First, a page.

You might have come across thread that is called ‘quilting thread’, which is – in fact – hand quilting thread. It is the perfect choice for hand quilting. Why? Because it is coated with a special wax that makes hand sewing easier as the thread glides through the fabric more smoothly. 

Be careful though. You DO NOT want to use this thread for machine sewing, as it can actually harm your machine with the residue from the coating. Use the so-called ‘quilting thread’ for hand sewing only!

What Thread For Big Stitch Hand Quilting?

Much like with machine quilting, if you want your stitches to stand out, look for a 12-wt quilting thread. This thick thread is very visible against the fabric, making your hand stitching really stand out. 

Big stitch sewing is not only a great choice for quilting but is also very popular for binding. Using big stitch binding can add another point of interest to an otherwise overlooked part of the quilt. So if you’re looking for a new challenge, maybe give big stitch binding a go!

What Brand Of Thread Is Best For Quilting?

Last but not least, I’m sure you want to know about the best quilting thread brands. After all, when you’re in a fabric store buying thread, that’s pretty much the first choice you need to make.

Depending on where you live, there might be different brands available in your local fabric shops. I am speaking from experience. Where we live in this little European country, some of the brands that U.S. quilters love and use just aren’t available. Sure, there’s always Amazon, but buying thread online can be tricky business, especially when it comes to choosing the right color.

With all this in mind, I’ve decided to put together a list of all of the quilting thread brands that get positive reviews either on Amazon or on fellow quilting blogs. Hopefully, you’ll be able to find some of these locally, no matter where you’re from.

  • Aurifil seems to be the go-to thread for many quilters. The Aurifil Mako Cotton (50 wt or 40 wt) is perfect both for piecing and quilting. 
  • Superior Threads is, according to some, one of the best on the market. Their 3-Ply 50 Weight Polyester Thread, for example, has stellar reviews for accurate piecing.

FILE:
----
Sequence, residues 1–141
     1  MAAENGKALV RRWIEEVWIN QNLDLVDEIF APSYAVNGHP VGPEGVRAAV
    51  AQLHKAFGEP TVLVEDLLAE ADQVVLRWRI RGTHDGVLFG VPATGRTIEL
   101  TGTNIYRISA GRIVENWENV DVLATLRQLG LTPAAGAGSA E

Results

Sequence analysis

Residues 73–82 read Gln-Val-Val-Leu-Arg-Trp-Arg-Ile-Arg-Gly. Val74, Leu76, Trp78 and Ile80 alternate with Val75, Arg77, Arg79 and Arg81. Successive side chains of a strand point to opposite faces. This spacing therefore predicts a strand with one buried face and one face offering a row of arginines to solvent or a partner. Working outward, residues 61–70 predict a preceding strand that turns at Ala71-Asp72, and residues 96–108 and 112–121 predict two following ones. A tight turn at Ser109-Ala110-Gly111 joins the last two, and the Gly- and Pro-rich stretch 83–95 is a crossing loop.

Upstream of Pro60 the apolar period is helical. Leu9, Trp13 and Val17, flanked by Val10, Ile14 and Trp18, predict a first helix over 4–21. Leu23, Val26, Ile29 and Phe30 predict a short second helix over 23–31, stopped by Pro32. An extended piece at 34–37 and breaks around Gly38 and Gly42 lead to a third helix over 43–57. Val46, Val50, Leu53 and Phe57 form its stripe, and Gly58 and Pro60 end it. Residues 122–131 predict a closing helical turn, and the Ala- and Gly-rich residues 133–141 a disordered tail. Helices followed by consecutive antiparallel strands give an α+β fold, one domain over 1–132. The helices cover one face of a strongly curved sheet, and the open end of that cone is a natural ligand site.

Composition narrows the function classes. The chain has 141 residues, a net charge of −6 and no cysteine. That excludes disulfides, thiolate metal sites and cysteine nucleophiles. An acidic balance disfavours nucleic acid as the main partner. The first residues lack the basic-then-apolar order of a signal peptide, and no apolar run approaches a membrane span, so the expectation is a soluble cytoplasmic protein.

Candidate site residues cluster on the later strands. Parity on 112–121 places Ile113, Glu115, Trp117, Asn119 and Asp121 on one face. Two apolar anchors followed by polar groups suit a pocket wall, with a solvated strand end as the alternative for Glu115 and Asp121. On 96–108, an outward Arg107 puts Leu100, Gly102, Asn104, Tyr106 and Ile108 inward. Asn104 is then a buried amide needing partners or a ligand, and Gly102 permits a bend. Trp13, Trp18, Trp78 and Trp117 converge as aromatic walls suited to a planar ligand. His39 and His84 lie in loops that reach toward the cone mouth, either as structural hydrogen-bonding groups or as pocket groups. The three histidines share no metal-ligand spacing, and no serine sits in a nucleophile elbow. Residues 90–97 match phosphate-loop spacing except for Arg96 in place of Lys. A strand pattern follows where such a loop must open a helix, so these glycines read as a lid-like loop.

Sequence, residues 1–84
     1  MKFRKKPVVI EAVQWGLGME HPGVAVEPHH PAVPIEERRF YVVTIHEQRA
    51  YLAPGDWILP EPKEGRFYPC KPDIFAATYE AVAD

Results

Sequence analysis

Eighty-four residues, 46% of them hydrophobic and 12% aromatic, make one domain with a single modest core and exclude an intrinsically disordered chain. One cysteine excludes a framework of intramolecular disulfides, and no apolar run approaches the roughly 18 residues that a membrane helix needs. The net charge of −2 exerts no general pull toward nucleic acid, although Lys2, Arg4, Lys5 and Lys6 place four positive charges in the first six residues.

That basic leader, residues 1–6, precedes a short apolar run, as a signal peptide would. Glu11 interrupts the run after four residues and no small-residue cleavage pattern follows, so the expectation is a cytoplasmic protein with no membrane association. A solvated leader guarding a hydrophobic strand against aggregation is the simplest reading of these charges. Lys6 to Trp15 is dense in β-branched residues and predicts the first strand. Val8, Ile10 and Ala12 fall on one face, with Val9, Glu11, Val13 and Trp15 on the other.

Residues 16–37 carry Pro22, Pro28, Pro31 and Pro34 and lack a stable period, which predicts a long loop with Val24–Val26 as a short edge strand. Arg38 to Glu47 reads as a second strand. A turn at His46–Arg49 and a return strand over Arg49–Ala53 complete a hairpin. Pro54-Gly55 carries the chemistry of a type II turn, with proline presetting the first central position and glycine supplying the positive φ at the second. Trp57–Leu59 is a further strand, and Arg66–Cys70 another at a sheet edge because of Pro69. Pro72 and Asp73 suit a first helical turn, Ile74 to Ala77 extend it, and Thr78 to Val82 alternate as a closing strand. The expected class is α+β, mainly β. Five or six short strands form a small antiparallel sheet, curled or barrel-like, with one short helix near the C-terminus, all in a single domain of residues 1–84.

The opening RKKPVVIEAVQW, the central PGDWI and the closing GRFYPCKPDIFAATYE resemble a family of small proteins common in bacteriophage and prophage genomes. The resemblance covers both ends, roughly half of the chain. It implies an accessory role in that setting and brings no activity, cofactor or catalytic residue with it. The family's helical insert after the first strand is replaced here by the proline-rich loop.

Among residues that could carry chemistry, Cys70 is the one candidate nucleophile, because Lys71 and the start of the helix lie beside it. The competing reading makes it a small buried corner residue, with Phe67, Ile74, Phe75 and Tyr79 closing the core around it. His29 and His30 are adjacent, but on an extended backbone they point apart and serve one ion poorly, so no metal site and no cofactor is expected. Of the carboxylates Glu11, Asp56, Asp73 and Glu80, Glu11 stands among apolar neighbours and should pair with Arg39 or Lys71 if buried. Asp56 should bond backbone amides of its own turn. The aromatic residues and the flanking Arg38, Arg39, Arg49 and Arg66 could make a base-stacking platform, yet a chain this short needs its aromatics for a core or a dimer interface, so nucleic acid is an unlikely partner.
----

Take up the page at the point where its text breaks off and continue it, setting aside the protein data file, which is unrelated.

• Gutterman is another reliable brand with high-quality thread. You can’t go wrong with their Sew-All polyester thread or their reasonably priced cotton thread. (I can’t say this firsthand, but apparently, Gutterman thread that is not made in Germany, can be of lower quality, so you might want to look out for that!)
  • Madeira has great cotton thread perfect for both piecing and quilting.
  • King Tut is another favorite among quilters. They offer high-quality cotton thread with a large range of solids and variegated colors. 

As I’ve said, the availability of thread might depend on your location, and also your budget. You can’t go wrong with any of the brands above. But, as with all things in quilting, you might want to try a few different options and see what works best for you.

And with this, we’ve come to the end of my little research. I hope you now know everything about how to choose the best thread for quilting. Do you have any favorite threads that I didn’t mention here? Or use a different kind of thread for some of your projects? I would love to hear all about it!

Happy quilting!

Further Reading

Finish a Quilt in 3 steps

If you’re new to quilting and you’re overwhelmed with how to finish a quilt, here are the 3 basic steps with links to useful tutorials:

How to Baste a Quilt >

Machine Quilting for Beginners >
Inspiring Straight Line Quilting Designs >

The Ultimate Quilt Binding Tutorial >

If you prefer, you can follow our beginner-friendly tutorial on How to make a quilt from start to finish.